Discussion in 'Article Discussion' started by CardJoe, 14 Jan 2011.
and then he wonders why he gets cought, he shouldent tell other people about it lol
Once you buy something it's yours to do with as you please. Companys shouldn't be allowed to dictate what we do with our own belongings (they can try but they will fail). Good luck to him.
You know that all of this was around before this recently announced hack, right?
It is possible for atleast a year to play copied games on the PS3 with a USB-dongle.
Nevertheless, it's still our own decision, what we do with our legally bought hardware. Hotz didn't copy, used, sold or bought any pirated software, but only tweaked his hardware to run Linux on it in the first place.
If Sony want to protect their software, then they should do it by copy-protection-stuff like DRM or online-activation etc.
Great example, and great snack suggestion!
I'm aware this stuff was around before the recent hack. However I believe the removal of the OtherOS option from the PS3 was itself a response to Hotz initial hacking of the PS3 in the first place through the OtherOS abilities at the time.
I understand that we all purchased this hardware thus it is ours to do with as we please. However that doesn't mean that just because I purchased my Ipod, I am within my legal right to circumvent the DRM and iTunes by way of illegally torrented CDs downloaded and synced to my Ipod. Just because I OWN my Ipod, does not make it legal for me to side load games downloaded from the thousands of websites that offer paid app store games/apps for free after I jailbrake it (and lets be honest. Jailbraking is mainly for accessing App Stores other than Apple's).
I fully support Hotz desire to hack the PS3 for his own curiosity and hobby, however, releasing the encryption keys and thus fostering the community of so called "Homebrew" it is once again allowing the circumvention of Sony's already in place DRM setup to prevent piracy. I'm not saying that the homebrew community is nothing but piracy, but piracy (as I have seen) tends to hide behind the legitimate homebrew community. Doom for PSP/PS3/IPhone is not Homebrew just because you throw the word Homebrew infront of it after you port it (And yes Doom was ported to the PS3 to be run as homebrew under the OtherOS function). Piracy is still piracy, and Sony would rather close the door to legit homebrew than allow further piracy by the community claiming to be homebrew. I see nothing wrong with it as I can't imagine that you, or anyone else in this thread would like the idea of their game (if you were a developer) being backup to one person's PS3, copied to USB, uploaded to another PS3, and launched. All done within the OtherOS function.
Pirating software or media is bad, I agree with that, but if I'm not pirating anything by hacking my hardware, then why sholudn't I be allowed to do so?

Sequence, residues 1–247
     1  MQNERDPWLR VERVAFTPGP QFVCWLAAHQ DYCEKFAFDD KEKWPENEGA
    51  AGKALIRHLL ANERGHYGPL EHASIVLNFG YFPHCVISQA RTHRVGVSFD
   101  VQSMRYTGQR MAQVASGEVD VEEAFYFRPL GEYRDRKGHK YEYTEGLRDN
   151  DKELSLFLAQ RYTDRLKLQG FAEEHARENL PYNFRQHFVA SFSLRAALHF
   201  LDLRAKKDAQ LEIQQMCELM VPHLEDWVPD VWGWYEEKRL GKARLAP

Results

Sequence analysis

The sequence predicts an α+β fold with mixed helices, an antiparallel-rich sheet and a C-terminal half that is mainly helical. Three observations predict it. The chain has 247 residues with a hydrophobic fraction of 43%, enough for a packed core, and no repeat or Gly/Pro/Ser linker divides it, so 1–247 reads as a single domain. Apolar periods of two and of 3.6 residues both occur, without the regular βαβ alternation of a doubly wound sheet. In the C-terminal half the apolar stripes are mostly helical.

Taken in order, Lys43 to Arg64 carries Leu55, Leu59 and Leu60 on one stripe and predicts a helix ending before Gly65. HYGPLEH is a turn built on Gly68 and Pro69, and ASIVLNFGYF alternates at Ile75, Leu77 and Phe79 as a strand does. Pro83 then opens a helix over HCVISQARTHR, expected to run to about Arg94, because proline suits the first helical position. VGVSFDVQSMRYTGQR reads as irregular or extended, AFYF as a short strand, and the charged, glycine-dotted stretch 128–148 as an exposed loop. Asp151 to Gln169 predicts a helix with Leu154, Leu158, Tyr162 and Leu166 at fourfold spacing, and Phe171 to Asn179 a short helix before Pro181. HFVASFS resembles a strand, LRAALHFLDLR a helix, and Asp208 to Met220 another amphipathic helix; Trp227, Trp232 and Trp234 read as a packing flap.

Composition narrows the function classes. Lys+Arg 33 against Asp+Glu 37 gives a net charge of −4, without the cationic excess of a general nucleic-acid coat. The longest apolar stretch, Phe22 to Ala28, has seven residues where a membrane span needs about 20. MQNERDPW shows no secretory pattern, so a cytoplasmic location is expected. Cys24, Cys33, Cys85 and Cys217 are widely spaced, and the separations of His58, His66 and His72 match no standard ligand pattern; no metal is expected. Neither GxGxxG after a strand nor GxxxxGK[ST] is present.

As said many times allready, Hotz won his case against Apple on the topic of jailbreaking the iPhone, which is basically exactly the same.
You have to draw a hard line between hacking hardware to use it as you want and between pirating software/media.
They're not automatically tied together like you want to make everyone believe there, but they have to be investigated apart from each other.
You're not automatically driving too fast breaking the speedlimit, just because you chip-tuned your car either.
As for circumventing DRM on your iPod...
In most european countries (UK is not one of them surprisingly ^^) anyone is allowed to make a private copy of a copyrighted material for oneself, and the source copy does not even have to be legal. Making copies for other people, however, is forbidden if done for profit.
Actually we ALL should sue $ony for provides us an INSECURE device in first place !
Since they AD all over the place that **** was secure.
No people having ANY say so in what mods I can do on my legally bought hardware ... not on my truck, not on my PC (can you imagine??? ... you can't run such & such operating system, you cant run such & such companies graphics cards )
This shouldn't be any different
If you can't jailbreak a PS3, then I say you can't volt-mod, overclock or mod a pc in any way as this clearly violates the original intention of the hardware manufacturer, and we should surely all bow to the intentions of amoral corporations as they obviously know better than we how to best use products within our own home.
To continue the breadmaker analogy, this would be the equivalent of the company selling the bread making machine at a loss and trying to make it up on overpriced packets of mix. In this case Sony is trying to sue someone for making bread from someone else's mix in their machine, or for figuring out their recipe and making your own mix based on it. in either case, it's MY machine and I'll make whatever bread I want with it.